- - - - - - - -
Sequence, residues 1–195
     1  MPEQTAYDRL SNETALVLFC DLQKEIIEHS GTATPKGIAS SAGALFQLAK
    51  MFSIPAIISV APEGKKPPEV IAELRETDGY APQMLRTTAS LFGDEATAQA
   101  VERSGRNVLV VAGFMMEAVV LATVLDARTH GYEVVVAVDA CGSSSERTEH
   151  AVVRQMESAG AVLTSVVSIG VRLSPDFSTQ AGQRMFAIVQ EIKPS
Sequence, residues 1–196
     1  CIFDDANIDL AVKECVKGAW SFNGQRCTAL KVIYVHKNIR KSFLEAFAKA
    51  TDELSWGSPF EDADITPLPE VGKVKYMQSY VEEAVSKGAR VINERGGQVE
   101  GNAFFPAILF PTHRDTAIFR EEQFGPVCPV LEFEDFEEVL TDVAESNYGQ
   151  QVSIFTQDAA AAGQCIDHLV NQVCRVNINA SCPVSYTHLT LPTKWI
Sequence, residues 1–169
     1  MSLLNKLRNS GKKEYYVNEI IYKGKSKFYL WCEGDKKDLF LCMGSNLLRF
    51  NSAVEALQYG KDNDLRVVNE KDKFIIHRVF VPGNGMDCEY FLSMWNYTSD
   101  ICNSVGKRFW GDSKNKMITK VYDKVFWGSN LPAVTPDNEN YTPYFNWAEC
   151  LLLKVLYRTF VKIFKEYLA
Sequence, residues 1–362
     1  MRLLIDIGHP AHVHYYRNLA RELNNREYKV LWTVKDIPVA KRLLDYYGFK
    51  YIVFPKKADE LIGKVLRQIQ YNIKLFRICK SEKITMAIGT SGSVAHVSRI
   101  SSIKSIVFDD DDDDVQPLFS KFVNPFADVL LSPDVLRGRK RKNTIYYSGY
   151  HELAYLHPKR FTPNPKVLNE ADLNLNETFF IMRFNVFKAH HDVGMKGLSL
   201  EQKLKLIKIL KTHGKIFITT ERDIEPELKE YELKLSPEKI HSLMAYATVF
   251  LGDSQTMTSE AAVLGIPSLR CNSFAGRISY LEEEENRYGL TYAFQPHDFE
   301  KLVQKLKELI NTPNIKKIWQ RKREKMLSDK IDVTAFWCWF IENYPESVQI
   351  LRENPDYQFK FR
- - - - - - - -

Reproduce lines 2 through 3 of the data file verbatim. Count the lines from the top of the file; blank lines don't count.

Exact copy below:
     1  MPEQTAYDRL SNETALVLFC DLQKEIIEHS GTATPKGIAS SAGALFQLAK
    51  MFSIPAIISV APEGKKPPEV IAELRETDGY APQMLRTTAS LFGDEATAQA